Is high quality journalism sustainable? Transparency Project evidence to the Cairncross Review

26 09 2018

The Cairncross review was set up by the government in March 2018 to investigate “how to sustain the production and distribution of high-quality journalism in a changing market”.

It is chaired by Dame Frances Cairncross (a former journalist) and is supported by an advisory panel of experts in the fields of journalism, academia, advertising and technology. The review will examine:

  • The overall state of the news media market
  • Threats to financial sustainability
  • The role and impact of digital search engines and social media platforms
  • How content and data flows are operated and managed
  • The role of digital advertising

The government says that the review “will give equal weight to the needs of consumers and the industry”. It has published its Terms of Reference. 

The call for evidence

The review called for evidence to be submitted by any interested organisation or individual. We at the Transparency Project have an interest in high quality journalism not least because one of our aims is to improve the quality of legal coverage in the mainstream media, particularly in relation to family law, and also because much of what we produce is itself a form of journalism. We have also had occasion to complain about low quality journalism in the press, both officially to the publishers and their regulator, IPSO, and more generally through our commentary. So although many of the aspects of the Cairncross Review are outwith the scope of our activities, we felt there were aspects on which we could legitimately and usefully submit evidence.

In particular, we felt that there was an opportunity for the review to consider the possibility of high quality journalism being supported as a charitable activity, as being for the public benefit in the same way as artistic, educational and cultural activities. We said:

That would justify both tax relief which might make journalism meeting the criterion of serving a charitable purpose more viable, and help such organisations secure subsidies and grants.

The conditions imposed would preclude journalism serving political purposes and journalism mixing opinion with fact, and would require a regulatory framework that was more stringent in relation to inaccuracies of fact, including omission of relevant and easily discoverable fact. In terms of oversight of content, the communications regulator Ofcom could play a regulatory role here.

You can download and read our evidence here: Cairncross Review Transparency Project evidence (PDF).

Other comments and submissions

There has been some criticism of the way the review has been set up and the composition of its expert panel. Although the terms of reference appear to be based on the assumption that the main threats to high quality journalism come from digital advertising, search engines, and social media, there are grounds for suggesting that the decline of quality journalism may be attributable just as much if not more to other factors, such as the way publishers have commercialised their operations in recent decades, cutting journalistic and editorial resources to increase profitability rather than in response to adverse market conditions, and compromising their independence in exchange for political influence. In its submission to the call for evidence, the National Union of Journalists cites “failing business models, extensive job cuts and derisory working conditions”.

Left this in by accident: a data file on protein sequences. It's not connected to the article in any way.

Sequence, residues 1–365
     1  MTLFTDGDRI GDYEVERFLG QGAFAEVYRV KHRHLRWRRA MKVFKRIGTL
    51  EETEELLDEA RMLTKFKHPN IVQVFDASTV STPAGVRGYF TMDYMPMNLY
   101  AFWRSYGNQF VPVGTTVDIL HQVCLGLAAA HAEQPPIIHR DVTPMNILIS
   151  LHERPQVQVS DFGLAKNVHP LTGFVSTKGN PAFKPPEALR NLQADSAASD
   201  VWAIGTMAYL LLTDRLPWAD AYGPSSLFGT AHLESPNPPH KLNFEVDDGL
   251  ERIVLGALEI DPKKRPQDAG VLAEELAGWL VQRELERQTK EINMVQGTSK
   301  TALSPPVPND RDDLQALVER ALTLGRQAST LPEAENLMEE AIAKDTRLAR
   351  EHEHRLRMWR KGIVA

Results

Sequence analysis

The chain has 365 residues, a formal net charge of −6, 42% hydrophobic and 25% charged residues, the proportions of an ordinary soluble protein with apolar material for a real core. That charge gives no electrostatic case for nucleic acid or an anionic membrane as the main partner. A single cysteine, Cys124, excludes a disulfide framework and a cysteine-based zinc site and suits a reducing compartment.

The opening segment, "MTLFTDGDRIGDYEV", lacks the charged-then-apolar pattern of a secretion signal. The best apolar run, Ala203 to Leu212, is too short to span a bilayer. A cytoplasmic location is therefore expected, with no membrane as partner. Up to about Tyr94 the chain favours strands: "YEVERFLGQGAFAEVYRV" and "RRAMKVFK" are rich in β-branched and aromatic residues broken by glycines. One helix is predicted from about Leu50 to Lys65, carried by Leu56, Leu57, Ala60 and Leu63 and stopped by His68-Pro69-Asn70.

Moreover, the unflinching opposition of the vast majority of publishers to effective independent regulation and to Part 2 of the Leveson Inquiry suggests that their interest in supporting the Cairncross Review is less about protecting high quality journalism in the public interest and more about preserving their capacity to monetise it in the interests of their own shareholders.

Various solutions have been proposed, including direct subsidy (opposed by the regulator IPSO on the ground that it would obviously compromise independence of the press), indirect subsidy, a further raid on BBC licence fees, some sort of levy on digital advertising, or even direct regulation of internet search engines and social media platforms. The review has promised to publish any responses to its call for evidence (unless explicitly flagged ‘not for publication’) so they will all be available eventually. The following links are to a representative selection of views.

Responses from journalists and editors:

Responses from publishers:

Academic responses:

Responses from regulators:

Responses from public interest groups:

See also, on this blog, Crisis in Our Courts – and How to Solve it (about an earlier proposal to subsidise local journalism) and Press regulation: the end of the road for Leveson reforms

In the Guardian, some observations by their media correspondent Roy Greenslade at the beginning of the process: Last chance to fill in the blanks on funding journalism’s future.

Featured image: Yesterdays News by (Mick Baker)rooster via Flickr creative commons, reproduced with thanks.

This post was originally published on the Transparency Project Blog and is reproduced with permission and thanks


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